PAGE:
Running a small business is a lot of pressure. But, what if 110 million people were watching you everyday like at the Super Bowl? This is the type of stress that businesses face when they advertised last night by spending $2.5M for a 30- second commercial.
For some consumers, the commercials are a very popular part of the event. Super Bowl ads have produced many breakthrough moments in television and many more bombs. There are memorable commercials from the 2010 Super Bowl like Betty White for Snickers and the Old Spice Man. But there have been many more horrible ads like Pets.com sock puppet and this year’s Groupon debacle, displayed below.
So without spending millions of dollars, what can your business learn by watching Super Bowl commercials?
1. Don’t risk everything at once. In small business marketing, it is far safer and more effective to spread your bets by testing many different marketing methods. Homeaway.com took a big risk for a small company running their second Super Bowl ad this year. For your small business, it is far more effective to take patient interim steps. After your company has learned what works and doesn’t work in your marketing campaign, plot the next step. With limited capital, small businesses can’t afford the risk of a “one and done” strategy.
2. Track how the marketing tactic performed. Most companies have a variety of things they do to promote their business. Spending money on marketing is worthless unless your business knows what worked and what did not work. It is essential to get feedback on all aspects of your campaign. It is simple with today’s technology to ask the consumer in the targeted segment to go to your website or use a social media tool to judge results. The Ford Focus commercial encouraged the audience to cheer on their team online and “Watch, Compete, and Win."
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3. Deliver on the promise. Denny’s offered a free meal in a 2010 Super Bowl ad. Not surprisingly, Denny’s was overwhelmed by 2 million people showing up the next day for a free breakfast. The goal of the ad was to get people to try Denny’s and then come back. But if the service was bad on their first visit, why would they return? (Notice there was no free Denny’s breakfast this year!)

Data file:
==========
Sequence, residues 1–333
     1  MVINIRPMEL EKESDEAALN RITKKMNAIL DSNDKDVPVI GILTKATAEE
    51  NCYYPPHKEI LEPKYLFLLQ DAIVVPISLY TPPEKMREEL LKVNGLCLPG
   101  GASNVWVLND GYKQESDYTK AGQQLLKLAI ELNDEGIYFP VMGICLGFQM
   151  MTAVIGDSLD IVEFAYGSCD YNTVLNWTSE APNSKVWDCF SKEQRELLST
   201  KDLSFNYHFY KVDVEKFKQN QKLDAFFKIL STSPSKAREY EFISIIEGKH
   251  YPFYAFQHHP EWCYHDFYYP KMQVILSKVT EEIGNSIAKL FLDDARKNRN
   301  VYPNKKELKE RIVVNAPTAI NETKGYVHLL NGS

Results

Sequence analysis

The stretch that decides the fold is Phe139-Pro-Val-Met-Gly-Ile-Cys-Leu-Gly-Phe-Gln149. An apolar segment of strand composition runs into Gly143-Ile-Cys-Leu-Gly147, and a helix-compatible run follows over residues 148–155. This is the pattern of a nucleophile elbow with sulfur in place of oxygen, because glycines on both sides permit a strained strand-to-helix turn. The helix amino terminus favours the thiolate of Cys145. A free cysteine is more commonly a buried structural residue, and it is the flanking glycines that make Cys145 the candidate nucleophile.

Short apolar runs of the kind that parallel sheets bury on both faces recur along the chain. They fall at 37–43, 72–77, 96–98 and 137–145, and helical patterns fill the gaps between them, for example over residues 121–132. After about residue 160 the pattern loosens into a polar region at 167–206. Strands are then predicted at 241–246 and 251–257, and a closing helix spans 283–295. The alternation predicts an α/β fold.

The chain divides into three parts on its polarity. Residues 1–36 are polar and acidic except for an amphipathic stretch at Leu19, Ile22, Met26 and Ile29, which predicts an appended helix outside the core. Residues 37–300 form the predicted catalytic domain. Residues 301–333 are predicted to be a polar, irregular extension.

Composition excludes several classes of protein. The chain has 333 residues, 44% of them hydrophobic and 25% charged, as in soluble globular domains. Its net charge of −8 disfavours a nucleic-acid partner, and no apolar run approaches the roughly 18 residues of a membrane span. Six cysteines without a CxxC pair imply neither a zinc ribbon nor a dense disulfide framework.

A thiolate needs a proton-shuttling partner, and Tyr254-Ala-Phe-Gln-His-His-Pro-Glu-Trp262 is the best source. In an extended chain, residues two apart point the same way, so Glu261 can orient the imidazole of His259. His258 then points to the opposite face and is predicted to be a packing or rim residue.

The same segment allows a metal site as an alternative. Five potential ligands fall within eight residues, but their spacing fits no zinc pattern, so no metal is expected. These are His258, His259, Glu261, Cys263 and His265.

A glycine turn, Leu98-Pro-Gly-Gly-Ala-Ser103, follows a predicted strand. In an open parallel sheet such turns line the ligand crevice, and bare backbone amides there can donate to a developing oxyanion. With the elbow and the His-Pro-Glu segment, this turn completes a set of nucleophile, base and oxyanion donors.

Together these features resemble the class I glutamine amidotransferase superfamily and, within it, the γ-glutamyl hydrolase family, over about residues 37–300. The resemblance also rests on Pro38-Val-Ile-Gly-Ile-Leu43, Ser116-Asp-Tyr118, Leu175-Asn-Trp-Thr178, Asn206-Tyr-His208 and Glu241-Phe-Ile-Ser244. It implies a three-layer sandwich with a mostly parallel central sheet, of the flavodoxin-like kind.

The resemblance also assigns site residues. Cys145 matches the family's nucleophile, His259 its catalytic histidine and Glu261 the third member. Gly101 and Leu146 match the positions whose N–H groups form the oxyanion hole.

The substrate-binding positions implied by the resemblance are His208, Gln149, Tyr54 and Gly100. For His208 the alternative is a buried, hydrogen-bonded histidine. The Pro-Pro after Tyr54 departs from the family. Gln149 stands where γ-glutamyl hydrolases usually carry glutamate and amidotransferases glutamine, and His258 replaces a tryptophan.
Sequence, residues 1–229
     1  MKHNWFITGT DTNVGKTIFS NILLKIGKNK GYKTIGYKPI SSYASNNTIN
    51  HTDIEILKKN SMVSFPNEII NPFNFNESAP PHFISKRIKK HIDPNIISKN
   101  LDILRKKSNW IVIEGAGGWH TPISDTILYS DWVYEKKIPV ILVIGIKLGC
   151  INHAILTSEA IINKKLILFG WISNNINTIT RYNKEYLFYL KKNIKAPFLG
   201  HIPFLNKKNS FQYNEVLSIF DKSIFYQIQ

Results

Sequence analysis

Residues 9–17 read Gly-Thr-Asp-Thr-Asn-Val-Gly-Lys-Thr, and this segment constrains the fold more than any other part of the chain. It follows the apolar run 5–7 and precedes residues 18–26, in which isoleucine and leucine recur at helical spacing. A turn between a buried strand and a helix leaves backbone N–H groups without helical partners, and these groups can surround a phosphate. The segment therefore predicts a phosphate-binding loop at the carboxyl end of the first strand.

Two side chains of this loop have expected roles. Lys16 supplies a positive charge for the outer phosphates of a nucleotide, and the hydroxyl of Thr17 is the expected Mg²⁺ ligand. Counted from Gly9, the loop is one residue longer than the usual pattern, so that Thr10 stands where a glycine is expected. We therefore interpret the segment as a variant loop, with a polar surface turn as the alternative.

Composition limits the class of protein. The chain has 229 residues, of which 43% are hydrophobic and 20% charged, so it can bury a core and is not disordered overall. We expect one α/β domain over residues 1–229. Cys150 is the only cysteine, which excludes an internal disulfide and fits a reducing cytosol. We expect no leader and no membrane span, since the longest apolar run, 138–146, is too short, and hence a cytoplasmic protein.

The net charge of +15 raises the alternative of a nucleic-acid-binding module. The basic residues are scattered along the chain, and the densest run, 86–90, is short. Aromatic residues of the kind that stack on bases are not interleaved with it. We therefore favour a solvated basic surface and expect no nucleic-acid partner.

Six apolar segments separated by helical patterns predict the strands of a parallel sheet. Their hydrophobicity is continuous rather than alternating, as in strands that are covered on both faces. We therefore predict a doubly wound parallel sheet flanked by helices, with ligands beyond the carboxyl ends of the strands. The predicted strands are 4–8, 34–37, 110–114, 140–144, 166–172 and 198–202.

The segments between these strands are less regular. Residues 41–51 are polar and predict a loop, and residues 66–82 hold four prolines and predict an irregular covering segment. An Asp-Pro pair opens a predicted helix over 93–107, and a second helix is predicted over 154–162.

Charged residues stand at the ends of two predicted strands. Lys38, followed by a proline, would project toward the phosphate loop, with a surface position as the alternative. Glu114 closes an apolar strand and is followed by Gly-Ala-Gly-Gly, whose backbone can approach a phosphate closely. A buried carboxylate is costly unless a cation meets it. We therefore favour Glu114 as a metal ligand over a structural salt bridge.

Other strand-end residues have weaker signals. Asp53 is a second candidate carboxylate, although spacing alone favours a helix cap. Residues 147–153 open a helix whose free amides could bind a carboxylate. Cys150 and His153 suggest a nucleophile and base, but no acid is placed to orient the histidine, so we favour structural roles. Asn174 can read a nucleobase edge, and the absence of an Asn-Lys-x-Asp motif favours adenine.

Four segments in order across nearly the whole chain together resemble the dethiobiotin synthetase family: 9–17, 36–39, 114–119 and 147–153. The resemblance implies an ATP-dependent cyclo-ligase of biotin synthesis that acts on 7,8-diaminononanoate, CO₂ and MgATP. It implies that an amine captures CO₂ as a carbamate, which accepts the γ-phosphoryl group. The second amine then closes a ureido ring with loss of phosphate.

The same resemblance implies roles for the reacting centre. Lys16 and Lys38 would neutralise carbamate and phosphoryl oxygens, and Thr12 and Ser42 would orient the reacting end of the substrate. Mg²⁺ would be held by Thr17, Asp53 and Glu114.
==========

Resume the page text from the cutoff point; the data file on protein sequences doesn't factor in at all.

4. Interact with the consumer. Getting attention for your ad and getting consumers to perform a specific action are very different. Most Super Bowl commercials are now interactive. For example, GoDaddy asked the viewer to go to the web site to watch the end of the commercial that could not be seen on TV. Chevy and Glee produced a car giveaway commercial that the consumer needs to watch at the conclusion of the next Glee episode. Remember, the majority of people watching anything these days will have smart phones with them and can react immediately.
5. Don’t let the humor or drama distract from the brand. Your commercial may have been entertaining, but did consumers remember the brand or what the company was promoting? Doritos had a commercial in which their product brought a dead relative back to life? What does that have to do with the snack? However, Volkswagon’s Passat commercial struck the perfect balance. It focused on the car, but had a little bit of brand help from Darth Vadar. The Chevrolet Cruze Eco commercial merged seamlessly their new car and the OnStar feature of real-time updates from Facebook.
6. Be careful not to let a celebrity pitchman overshadow your brand. We all remember Ozzie Osbourne’s line “What’s a Bieber?” But who was the commercial for? Could consumers look past Kim Kardashian and remember Skechers?
7. Don’t mix your product with politics. What was Groupon thinking with their commercial that played off the issues of Tibet and their company? If your business wants to give money to charity (like the Citibank Thank You ad), that works, but tackling a political issue in a Super Bowl ad is a big risk. Mini Cooper’s “Cram it in the Boot” ad didn’t translate well for American audiences. The Chrysler commercial with Eminem did a fantastic job of selling their company while focusing on bringing back Detroit.
What did you learn for your business by watching Super Bowl commercials?
Image credit: americanistadechiapas